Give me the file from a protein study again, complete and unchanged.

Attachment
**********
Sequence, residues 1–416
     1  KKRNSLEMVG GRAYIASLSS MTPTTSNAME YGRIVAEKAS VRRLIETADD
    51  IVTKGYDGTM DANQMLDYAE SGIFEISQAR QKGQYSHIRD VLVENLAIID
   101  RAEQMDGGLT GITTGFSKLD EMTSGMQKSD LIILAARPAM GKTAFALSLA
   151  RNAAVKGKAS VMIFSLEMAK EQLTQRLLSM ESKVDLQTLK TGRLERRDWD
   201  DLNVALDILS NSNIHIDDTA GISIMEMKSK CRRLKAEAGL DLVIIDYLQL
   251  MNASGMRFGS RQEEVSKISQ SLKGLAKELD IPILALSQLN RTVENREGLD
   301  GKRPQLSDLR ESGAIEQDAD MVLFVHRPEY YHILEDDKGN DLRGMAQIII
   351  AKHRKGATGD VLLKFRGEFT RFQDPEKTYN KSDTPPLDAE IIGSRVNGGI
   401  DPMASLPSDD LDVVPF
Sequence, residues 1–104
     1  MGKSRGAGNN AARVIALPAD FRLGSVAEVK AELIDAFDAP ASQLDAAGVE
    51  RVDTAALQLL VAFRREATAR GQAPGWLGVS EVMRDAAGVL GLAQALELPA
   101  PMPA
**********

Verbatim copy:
Sequence, residues 1–416
     1  KKRNSLEMVG GRAYIASLSS MTPTTSNAME YGRIVAEKAS VRRLIETADD
    51  IVTKGYDGTM DANQMLDYAE SGIFEISQAR QKGQYSHIRD VLVENLAIID
   101  RAEQMDGGLT GITTGFSKLD EMTSGMQKSD LIILAARPAM GKTAFALSLA
   151  RNAAVKGKAS VMIFSLEMAK EQLTQRLLSM ESKVDLQTLK TGRLERRDWD
   201  DLNVALDILS NSNIHIDDTA GISIMEMKSK CRRLKAEAGL DLVIIDYLQL
   251  MNASGMRFGS RQEEVSKISQ SLKGLAKELD IPILALSQLN RTVENREGLD
   301  GKRPQLSDLR ESGAIEQDAD MVLFVHRPEY YHILEDDKGN DLRGMAQIII
   351  AKHRKGATGD VLLKFRGEFT RFQDPEKTYN KSDTPPLDAE IIGSRVNGGI
   401  DPMASLPSDD LDVVPF
Sequence, residues 1–104
     1  MGKSRGAGNN AARVIALPAD FRLGSVAEVK AELIDAFDAP ASQLDAAGVE
    51  RVDTAALQLL VAFRREATAR GQAPGWLGVS EVMRDAAGVL GLAQALELPA
   101  PMPA